November 27th, 2013
SUNY Orange Professor Named NCHC Fellow
Elaine Torda named NCHC Fellow
MIDDLETOWN - SUNY Orange English Professor and Honors Program Coordinator Elaine Torda was recently named a National Collegiate Honors Council Fellow by the council’s Board of Directors.
She will be officially recognized during a morning ceremony on Saturday, Nov. 9 during the NCHC’s annual conference in New Orleans, La.
The 2013 Fellows were selected based upon a wide-ranging set of criteria, including national, regional or statewide honors program leadership; scholarly activities related to honors education; involvement in honors special events; recognition for outstanding honors teaching on their home campus; assistance provided to other honors programs and colleges; and a demonstrated record of sustained commitment to honors education.
For Torda, who also serves as chair of the College’s Interdisciplinary Studies Department, the honor comes on the heels of her selection for the SUNY Chancellor’s Award for Professional Excellence this past spring.
Torda joined the SUNY Orange faculty in 2000 when she was hired as an English instructor. She has coordinated the College’s growing Honors Program since 2003. She recently completed two terms as vice president of the College’s governance Executive Committee. She has overseen steady growth in SUNY Orange’s Honors Program and guided the program’s expansion to include students on the Newburgh campus.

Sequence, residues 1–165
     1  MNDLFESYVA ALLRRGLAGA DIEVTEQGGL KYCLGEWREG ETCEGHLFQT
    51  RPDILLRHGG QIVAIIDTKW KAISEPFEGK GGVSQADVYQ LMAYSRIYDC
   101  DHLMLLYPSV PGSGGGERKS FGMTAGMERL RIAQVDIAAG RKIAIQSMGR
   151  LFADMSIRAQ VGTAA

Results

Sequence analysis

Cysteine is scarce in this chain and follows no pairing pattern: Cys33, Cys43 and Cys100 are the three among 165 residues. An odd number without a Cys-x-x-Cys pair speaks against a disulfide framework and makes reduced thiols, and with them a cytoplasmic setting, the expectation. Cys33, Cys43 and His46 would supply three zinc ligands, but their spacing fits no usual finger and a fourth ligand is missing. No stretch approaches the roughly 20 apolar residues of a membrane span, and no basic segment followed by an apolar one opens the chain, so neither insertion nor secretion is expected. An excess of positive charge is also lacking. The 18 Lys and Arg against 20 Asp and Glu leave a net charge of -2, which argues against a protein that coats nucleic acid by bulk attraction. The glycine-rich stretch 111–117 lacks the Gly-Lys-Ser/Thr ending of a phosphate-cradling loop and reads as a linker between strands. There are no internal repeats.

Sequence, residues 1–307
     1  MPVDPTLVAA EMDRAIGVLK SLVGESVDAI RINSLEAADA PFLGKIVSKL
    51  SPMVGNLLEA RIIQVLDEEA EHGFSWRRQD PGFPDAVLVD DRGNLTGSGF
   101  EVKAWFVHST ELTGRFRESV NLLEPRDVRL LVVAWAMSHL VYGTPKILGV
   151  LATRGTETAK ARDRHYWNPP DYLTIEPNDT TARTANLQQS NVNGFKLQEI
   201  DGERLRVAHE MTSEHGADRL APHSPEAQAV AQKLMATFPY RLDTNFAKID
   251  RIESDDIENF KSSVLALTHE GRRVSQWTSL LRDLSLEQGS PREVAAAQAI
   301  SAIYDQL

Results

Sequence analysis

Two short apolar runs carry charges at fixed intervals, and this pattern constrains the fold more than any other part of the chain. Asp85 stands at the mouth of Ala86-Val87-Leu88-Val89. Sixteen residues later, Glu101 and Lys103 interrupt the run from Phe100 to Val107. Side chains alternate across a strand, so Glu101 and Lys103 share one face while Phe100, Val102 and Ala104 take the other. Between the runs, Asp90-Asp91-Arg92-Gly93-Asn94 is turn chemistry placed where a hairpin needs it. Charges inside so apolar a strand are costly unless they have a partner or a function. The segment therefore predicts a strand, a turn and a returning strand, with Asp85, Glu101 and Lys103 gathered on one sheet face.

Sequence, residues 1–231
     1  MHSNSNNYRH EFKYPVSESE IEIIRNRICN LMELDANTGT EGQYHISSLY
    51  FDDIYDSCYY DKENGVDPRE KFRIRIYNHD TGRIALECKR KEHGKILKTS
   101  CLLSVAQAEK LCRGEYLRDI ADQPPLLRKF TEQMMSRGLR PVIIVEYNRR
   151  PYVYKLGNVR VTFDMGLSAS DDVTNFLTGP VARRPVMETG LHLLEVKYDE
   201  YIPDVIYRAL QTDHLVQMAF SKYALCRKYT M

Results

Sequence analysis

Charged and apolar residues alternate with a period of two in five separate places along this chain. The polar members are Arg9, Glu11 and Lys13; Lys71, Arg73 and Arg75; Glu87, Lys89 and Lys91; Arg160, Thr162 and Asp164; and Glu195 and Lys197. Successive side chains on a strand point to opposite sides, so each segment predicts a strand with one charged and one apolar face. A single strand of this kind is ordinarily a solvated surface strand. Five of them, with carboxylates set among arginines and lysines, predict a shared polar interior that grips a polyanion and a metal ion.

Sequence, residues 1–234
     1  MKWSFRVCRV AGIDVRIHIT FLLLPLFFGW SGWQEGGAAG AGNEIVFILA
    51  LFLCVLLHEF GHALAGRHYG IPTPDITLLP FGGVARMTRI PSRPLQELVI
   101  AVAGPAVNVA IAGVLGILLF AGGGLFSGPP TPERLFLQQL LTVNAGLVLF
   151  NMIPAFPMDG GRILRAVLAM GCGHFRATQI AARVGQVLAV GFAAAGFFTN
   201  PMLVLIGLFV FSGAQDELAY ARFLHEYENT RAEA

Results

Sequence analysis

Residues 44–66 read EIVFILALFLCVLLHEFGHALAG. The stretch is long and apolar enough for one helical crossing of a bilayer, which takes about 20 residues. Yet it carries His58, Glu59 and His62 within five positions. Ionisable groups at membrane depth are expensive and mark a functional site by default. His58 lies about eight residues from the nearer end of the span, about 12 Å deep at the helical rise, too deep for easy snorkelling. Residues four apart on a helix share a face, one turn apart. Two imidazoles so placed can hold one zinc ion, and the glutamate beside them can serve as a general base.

Torda is a member of the NCHC Board of Directors and just recently completed her sixth year as lead co-chair of the Council’s Two-Year College Committee.
Under her supervision and with the aid of faculty mentors from all corners of the College, SUNY Orange’s Honors Students have strongly represented the College via presentations at such prestigious student seminars as the Beacon Conference and the Northeast Regional Honors Council Conference.
According to the NCHC, honors education covers a wide variety of courses, teaching styles and educational objectives, depending upon the institution.
Honors programs and courses may attempt to fulfill diverse goals, utilize different teaching approaches, and employ a variety of ways of mastering subject matter. However, the central goal of honors education is academic enrichment.
The SUNY Orange Honors program highlights the cross-disciplinary nature of learning while seeking to augment academic inquiry with cultural awareness, community building, community service and leadership.
The College’s program features smaller, discussion-based classes and assignments that allow for individual research and creativity. Faculty members stress the benefits of classroom education as well as the importance of non-traditional learning.
Students who complete the Honors program are well-rounded individuals with much to offer colleges, employers and communities.